- Budget for management and technology support
For those interested we have a book coming out from Open Book Publishers with the title Right Research that collects essays on sustainable research. We have put up preprints of two of the essays that deal with econferences:
The organizers had the following concept and questions for our breakout group.
Session Concept: Academic travel is an expense not only to the institutions and grant budgets, but also to the environment. There have been moves towards open-access, virtual conferences and near carbon-neutral events. How can academics work towards creating a more sustainable environment for research activities?
Questions: (1) How can academics work towards creating a more sustainable environment for research activities? (2) What are the barriers or limitations to publishing in open-access journals and how can we overcome these? (3) What environmental waste does your research produce? Hundreds of pages of printed drafts? Jet fuel pollution from frequent travel? Electricity from powering huge servers of data?
The breakout discussion went very well. In fact I would have had more breakout discussion and less introduction, though that was good too.
Another neat feature they had was a short introduction (with a Prezi available) followed by an interview before us all. The interview format gave a liveliness to the proceeding.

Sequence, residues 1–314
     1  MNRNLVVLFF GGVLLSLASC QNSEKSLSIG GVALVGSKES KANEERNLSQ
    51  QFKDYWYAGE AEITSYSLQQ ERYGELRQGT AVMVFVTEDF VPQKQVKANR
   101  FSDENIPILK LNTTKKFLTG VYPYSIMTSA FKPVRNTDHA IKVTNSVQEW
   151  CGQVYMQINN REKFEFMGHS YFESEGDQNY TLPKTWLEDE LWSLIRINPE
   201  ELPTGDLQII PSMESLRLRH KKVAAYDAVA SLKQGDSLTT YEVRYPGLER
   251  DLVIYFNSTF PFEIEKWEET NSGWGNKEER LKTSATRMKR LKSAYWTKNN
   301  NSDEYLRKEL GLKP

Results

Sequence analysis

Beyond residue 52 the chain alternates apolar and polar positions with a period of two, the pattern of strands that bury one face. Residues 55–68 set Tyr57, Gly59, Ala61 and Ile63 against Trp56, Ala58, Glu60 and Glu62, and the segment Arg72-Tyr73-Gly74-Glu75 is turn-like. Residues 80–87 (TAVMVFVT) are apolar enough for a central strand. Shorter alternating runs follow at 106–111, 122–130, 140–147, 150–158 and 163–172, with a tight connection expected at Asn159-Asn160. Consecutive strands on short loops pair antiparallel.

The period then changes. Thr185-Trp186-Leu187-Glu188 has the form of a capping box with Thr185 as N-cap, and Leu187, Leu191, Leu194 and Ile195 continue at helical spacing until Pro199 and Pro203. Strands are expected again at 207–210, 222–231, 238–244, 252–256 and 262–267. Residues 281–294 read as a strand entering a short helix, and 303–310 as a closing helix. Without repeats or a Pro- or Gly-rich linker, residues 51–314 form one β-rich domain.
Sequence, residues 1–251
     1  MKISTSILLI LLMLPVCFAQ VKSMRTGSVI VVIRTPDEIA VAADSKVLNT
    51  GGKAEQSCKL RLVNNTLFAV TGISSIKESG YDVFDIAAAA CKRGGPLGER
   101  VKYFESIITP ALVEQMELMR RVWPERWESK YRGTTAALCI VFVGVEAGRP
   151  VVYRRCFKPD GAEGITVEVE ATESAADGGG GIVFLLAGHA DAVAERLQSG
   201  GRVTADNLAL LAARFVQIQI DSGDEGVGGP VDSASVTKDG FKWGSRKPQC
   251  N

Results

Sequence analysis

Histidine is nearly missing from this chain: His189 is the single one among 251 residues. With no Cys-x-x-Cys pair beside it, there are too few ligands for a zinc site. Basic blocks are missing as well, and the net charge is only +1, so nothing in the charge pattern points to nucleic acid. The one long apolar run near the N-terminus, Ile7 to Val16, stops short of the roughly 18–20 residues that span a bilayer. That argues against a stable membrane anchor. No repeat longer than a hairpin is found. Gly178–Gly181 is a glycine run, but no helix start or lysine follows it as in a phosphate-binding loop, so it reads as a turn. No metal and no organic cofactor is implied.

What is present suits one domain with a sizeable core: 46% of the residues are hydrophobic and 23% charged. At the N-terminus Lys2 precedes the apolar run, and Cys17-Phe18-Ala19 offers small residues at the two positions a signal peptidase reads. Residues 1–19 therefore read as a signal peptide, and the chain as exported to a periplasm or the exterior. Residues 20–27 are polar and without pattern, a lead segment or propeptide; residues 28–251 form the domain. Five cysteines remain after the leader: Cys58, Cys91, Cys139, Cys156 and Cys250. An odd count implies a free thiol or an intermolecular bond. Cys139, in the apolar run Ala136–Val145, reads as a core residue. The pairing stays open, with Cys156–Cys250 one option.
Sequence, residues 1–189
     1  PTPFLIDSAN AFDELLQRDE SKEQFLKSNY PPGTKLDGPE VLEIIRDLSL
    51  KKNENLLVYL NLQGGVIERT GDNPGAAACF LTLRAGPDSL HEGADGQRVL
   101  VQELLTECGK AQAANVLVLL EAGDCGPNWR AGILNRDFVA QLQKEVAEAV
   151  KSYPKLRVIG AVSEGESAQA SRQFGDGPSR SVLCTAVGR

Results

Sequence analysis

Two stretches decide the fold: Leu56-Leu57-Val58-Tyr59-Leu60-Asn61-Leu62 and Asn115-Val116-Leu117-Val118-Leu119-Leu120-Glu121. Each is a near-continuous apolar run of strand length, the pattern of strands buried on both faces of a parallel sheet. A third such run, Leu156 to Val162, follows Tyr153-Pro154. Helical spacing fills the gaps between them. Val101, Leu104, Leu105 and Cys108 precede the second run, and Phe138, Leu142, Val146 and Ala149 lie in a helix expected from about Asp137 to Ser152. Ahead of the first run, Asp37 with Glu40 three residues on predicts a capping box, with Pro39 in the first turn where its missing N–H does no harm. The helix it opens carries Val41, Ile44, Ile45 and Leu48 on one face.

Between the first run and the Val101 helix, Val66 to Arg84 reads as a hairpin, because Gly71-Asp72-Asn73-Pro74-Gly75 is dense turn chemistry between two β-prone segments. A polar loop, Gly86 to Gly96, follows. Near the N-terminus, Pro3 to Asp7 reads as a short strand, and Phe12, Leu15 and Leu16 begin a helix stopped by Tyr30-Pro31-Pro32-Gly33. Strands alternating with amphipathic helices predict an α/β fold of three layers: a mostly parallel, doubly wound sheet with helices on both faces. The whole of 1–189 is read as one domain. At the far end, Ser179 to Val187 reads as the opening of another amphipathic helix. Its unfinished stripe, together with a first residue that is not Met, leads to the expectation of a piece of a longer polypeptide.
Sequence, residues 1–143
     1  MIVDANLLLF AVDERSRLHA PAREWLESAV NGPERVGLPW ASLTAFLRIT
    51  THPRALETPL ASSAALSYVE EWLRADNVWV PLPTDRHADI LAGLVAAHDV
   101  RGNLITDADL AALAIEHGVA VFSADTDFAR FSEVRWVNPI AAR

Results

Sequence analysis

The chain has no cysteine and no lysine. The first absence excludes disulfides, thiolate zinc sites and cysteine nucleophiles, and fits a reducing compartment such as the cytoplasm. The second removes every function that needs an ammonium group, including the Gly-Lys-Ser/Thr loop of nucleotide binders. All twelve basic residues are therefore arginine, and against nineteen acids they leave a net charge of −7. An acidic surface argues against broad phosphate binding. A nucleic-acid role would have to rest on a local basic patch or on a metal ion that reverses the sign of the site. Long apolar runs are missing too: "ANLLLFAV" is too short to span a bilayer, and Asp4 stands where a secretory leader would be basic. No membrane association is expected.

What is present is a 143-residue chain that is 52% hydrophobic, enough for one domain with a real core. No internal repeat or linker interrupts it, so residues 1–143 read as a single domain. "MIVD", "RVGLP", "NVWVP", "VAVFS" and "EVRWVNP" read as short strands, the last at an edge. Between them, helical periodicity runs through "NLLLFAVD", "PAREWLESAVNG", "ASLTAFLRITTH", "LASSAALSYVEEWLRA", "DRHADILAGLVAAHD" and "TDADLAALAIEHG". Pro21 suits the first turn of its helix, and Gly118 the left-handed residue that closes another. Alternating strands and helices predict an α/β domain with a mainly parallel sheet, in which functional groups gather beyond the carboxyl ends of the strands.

Lastly, I was impressed by the supporting materials they had to allow the discussion to continue. This included the DARIAH Virtual Exchange Event – Exhibition Space for the Scholarly Primitives of Scholarly Meetings.
All told, Dr. Edmonds and DARIAH colleagues have put together a great exemplar both about and of a virtual seminar. Stay tuned for when they share more.
Video chat is helping us stay employed and connected. But what makes it so tiring – and how can we reduce ‘Zoom fatigue’?
Many of us have suspected that videoconferencing is stressful. I tend to blame the stress of poor audio as my hearing isn’t what it used to be. His a story from the BBC on The reason Zoom calls drain your energy. There are a number of factors:
- The newness of this way of interacting
- The heightened focus needed to deal with missing non-verbal cues.
- Heightened focus needed to deal with poor audio.
- Need to moderate larger groups so people don’t try to talk at the same time
- Audio delays change responsiveness
- Stress and time around technical problems.
- Silences don’t work the way they do in f2f. They can indicate malfunction.
- Being on camera and having to be performative
- Lack of separation of home and work
- Lack of transition times between meetings (no time to even get up and meet your next appointment at the door)
I hadn’t thought of the role of silence in regular conversations and how we can’t depend on that rhetorically any longer. No dramatic silences any more.
Now that all of us are having to teach and meet over videoconferencing on our laptops, it is useful to get advice from the professionals. Chelsea sent me this link to Ryerson professor Gary Gould’s advince on How to Look and Sound Fabulous on a Webcam. The page covers practical things like lighting, positioning of the camera, backgrounds, framing and audio. I realize I need to rethink just having the laptop on my lap.
We are all having to learn how to do more remotely. This series of blog posts deals with the why, the what and the how of online conferences.